Different Floors of the House

Saturday, July 17, 2010

Words of Wisdom

"The free market allows people to go into any industry they want, to trade with whomever they want, to buy in the cheapest market around the world, to sell in the dearest market around the world.  But, most important of all, if they fail, they bear the cost."

--Milton Friedman, Genius.

Let this be a lesson to you, Mr. Bush, Mr. Obama and Mr. Whoeverisnext.

That's all.

Wednesday, July 14, 2010

Hic Iacet Bonum Membrum Virile

So I'm pondering--rather loosely--Benedick's character in Shakespeare's Much Ado About Nothing.  Since I'm now officially "adept in Latin" (which is to say, I have my portable Latin dictionary on me at all times--which is also to say:  adeptus in Latinam--didn't really need a dictionary for that), and since I have a notion that Bill (Mr. Shakespeare to you) likes to play with names, I thought instantly about a smart ass uncle I used to have when I read some lines of Benedick in this play.

But before I let humor (pick a humor, any humor) sweep this pile of wordplay into some lapsus linguae (a slip of the tongue) let me just say this about that.  Bene, as you probably know, means (gasp!) "good", in Latin.  as in "well" or "thorough", we just say "good" in English, because we're lazy:

"How are you?"


"How's the food?"


"How's work?"


"You're a dick."


I'm just going to mix things up from now on and answer like Daniel Day Lewis in Gangs of New York:  a nice, toothsome, Bene.  If you haven't seen it, just do your best Italian papa tasting the sauce before dinner impression:  Bene!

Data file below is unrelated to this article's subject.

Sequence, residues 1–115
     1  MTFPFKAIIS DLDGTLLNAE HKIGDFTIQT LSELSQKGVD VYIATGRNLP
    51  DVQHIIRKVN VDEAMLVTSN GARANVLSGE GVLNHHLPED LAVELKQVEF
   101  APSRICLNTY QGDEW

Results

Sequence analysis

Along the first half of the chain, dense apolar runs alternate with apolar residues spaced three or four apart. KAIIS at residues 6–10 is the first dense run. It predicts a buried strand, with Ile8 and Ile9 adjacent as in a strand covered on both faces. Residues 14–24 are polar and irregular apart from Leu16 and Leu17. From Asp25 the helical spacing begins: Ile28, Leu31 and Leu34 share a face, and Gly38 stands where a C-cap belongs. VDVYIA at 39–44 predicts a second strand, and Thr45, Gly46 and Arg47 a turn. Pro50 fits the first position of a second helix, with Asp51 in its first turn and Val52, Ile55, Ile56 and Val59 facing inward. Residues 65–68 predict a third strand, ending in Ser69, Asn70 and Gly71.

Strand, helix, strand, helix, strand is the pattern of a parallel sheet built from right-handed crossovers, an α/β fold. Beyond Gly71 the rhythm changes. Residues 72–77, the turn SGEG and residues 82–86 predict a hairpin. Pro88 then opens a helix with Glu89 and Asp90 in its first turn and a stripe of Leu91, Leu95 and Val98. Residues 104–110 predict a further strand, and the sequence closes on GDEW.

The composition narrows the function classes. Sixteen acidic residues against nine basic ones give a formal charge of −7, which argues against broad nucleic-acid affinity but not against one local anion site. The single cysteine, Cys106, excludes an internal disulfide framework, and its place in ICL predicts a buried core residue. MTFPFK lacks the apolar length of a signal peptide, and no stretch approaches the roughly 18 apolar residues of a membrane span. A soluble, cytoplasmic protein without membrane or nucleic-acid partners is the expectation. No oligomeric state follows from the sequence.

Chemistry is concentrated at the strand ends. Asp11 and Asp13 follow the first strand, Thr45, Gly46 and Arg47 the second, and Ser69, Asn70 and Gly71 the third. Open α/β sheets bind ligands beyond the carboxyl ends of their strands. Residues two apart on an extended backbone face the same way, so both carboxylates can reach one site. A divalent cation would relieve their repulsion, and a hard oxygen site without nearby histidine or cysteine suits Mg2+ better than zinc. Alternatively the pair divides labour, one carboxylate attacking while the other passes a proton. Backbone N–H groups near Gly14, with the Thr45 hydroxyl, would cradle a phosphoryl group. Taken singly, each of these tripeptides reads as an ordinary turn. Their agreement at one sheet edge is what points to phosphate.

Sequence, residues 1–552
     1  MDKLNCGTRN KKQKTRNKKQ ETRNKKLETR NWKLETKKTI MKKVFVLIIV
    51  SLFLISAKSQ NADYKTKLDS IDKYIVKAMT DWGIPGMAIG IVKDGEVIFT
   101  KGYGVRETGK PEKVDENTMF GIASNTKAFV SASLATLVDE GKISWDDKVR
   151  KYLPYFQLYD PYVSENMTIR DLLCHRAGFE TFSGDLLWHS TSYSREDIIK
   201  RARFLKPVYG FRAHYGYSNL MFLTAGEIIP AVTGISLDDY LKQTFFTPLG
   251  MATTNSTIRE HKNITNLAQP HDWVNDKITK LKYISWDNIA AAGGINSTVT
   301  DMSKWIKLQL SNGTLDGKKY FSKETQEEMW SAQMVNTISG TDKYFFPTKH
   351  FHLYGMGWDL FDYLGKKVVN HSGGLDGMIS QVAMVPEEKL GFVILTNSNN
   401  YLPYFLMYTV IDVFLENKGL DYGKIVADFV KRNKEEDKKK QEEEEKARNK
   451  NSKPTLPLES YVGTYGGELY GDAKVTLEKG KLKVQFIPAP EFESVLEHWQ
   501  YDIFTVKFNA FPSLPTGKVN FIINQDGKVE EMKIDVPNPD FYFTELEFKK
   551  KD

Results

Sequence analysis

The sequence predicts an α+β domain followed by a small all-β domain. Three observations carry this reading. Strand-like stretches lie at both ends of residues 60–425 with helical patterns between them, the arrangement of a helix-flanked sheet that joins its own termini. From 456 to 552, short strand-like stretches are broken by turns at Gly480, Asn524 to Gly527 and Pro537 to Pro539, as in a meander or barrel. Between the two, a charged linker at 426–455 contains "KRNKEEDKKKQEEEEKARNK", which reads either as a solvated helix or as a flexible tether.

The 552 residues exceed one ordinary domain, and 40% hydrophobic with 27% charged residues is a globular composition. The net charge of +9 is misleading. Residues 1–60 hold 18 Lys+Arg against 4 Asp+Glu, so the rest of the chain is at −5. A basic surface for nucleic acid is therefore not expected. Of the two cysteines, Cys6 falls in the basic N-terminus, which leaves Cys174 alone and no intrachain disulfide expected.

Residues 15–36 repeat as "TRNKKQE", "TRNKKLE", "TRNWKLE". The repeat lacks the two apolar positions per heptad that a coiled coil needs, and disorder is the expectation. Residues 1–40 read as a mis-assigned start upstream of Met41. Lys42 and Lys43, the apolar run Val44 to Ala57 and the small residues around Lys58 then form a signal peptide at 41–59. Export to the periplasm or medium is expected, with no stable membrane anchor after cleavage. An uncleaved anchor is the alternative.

That's the ticket.

Usually the name Benedick is spelled with a "ct" at the end.  Hence:  Benedict.  I say usually, you may know better what name was what in the bene old days, than I.  At any rate, "dict" cometh from dictum, which, in Latin, means:  that which is said.  Or, perhaps more apt for Much Ado, dictum could mean "witticism".  So his name, this Benedick fellow, should mean:  Good Wit.  Bene=Good.  Dictum=Wit.  I guess I can buy that...

But that's not his name, now is it?  Ok, so, "bene" (D.D. Lewis style, if you please) still means "good", and dick...well, that is D-I-C-K.  See?  Lapsus linguae.  

Applies a whole other level to: "You're a Dick."  "Good."  Doesn't it?

Off the record, my wife thinks I have a serious Freudian thing going on in my head.  My favorite book of all time is Moby Dick and my favorite author is Philip K. Dick.  I'm not sure what to do with that...Maybe I'll speak more Latin.  Helps me cope.  Membrum virile?

We can't possibly argue this Benedick's propensity (Latin: propondere), toward wit.  He's one witty dude (No Latin dictum for "dude", sorry).  Which leads me back to the uncle I used to have.  He used to say things like this Benedick character, except he had no D.D. Lewis qualities about him whatsoever.  He was a Nebraska feller, complete with the Midwest way of talk, so maybe you can imagine him belting out:  "Well dip me in apple butter and call me a muskret!"